The performance and emissions of a single-cylinder natural gas fueled engine using a pilot ignition strategy have been investigated. Small diesel pilots (2–3% on an energy basis), when used to ignite homogeneous natural gas-air mixtures, are shown to possess the potential for reduced emissions while maintaining good engine performance. The effects of pilot injection timing, intake charge pressure, and charge temperature on engine performance and emissions with natural gas fueling were studied. With appropriate control of the above variables, it was shown that full-load engine-out brake specific emissions could be reduced to the range of 0.07–0.10 g/kWh from the baseline diesel (with mechanical fuel injection) value of 10.5 g/kWh. For this reduction, the decrease in fuel conversion efficiency from the baseline diesel value was approximately one to two percentage points. Total unburned hydrocarbon (HC) emissions and carbon monoxide (CO) emissions were higher with natural gas operation. The nature of combustion under these conditions was analyzed using heat release schedules predicted from measured cylinder pressure data. The importance of pilot injection timing and inlet conditions on the stability of engine operation and knock are also discussed.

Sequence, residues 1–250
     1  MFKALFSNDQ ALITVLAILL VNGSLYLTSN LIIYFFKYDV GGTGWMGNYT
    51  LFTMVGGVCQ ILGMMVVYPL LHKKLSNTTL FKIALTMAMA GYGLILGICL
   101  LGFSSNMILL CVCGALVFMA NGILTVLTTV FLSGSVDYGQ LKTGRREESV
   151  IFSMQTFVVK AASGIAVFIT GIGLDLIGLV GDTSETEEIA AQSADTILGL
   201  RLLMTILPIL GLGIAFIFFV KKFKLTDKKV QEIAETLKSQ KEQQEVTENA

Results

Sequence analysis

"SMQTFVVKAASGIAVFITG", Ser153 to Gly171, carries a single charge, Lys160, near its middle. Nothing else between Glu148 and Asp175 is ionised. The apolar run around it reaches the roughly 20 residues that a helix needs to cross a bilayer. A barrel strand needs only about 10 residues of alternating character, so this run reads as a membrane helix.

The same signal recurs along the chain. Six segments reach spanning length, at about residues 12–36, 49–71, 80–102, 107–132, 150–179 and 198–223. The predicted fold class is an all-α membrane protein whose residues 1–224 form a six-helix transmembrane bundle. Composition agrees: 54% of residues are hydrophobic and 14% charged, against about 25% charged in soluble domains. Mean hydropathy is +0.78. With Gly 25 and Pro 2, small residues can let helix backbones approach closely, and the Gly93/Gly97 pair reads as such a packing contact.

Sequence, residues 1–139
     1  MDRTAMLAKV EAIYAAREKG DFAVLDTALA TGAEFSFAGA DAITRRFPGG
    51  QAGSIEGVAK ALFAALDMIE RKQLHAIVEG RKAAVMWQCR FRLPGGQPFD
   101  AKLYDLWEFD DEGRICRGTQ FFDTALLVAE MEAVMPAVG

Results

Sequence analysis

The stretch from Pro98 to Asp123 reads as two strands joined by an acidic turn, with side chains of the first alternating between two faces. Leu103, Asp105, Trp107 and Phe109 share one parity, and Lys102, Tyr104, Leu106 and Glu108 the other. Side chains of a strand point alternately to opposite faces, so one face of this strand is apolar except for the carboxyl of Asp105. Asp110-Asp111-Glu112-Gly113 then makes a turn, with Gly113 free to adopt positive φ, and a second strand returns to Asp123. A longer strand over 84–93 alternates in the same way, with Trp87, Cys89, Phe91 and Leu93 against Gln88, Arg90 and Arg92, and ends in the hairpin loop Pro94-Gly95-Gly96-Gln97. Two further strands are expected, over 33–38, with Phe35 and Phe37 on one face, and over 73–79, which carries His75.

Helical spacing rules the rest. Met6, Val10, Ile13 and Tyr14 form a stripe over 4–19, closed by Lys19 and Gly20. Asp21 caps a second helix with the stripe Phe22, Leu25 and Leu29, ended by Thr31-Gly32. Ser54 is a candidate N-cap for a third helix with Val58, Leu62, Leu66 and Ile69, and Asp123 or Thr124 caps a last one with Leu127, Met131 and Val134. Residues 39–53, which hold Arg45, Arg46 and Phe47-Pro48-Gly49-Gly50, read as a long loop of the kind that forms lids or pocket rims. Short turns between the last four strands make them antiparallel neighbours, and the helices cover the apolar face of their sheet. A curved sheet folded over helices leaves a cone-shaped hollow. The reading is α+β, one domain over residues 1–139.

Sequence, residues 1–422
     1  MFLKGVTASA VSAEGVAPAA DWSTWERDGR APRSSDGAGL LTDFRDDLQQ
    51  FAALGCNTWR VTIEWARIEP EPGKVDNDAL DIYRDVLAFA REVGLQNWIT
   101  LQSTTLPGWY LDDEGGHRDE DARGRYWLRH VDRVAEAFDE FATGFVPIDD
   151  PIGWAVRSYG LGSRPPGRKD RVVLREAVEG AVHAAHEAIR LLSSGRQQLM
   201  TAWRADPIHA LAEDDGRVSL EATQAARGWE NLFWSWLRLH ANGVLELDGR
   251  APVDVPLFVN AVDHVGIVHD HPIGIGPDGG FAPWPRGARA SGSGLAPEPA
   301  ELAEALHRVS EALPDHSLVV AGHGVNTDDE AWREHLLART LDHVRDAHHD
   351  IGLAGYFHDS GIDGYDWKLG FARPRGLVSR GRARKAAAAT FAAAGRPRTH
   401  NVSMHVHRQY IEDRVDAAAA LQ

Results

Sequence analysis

Strategies for Reduced NOx Emissions in Pilot-Ignited Natural Gas Engines
Contributed by the Internal Combustion Engine Division of THE AMERICAN SOCIETY OF MECHANICAL ENGINEERS for publication in the ASME JOURNAL OF ENGINEERING FOR GAS TURBINES AND POWER. Manuscript received by the ICE Division October 2002; final revision received September 2003. Associate Editor: D. Assanis.
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Krishnan , S. R., Srinivasan , K. K., Singh , S., Bell, S. R., Midkiff, K. C., Gong , W., Fiveland , S. B., and Willi, M. (August 11, 2004). "Strategies for Reduced NOx Emissions in Pilot-Ignited Natural Gas Engines ." ASME. J. Eng. Gas Turbines Power. July 2004; 126(3): 665–671. https://doi.org/10.1115/1.1760530
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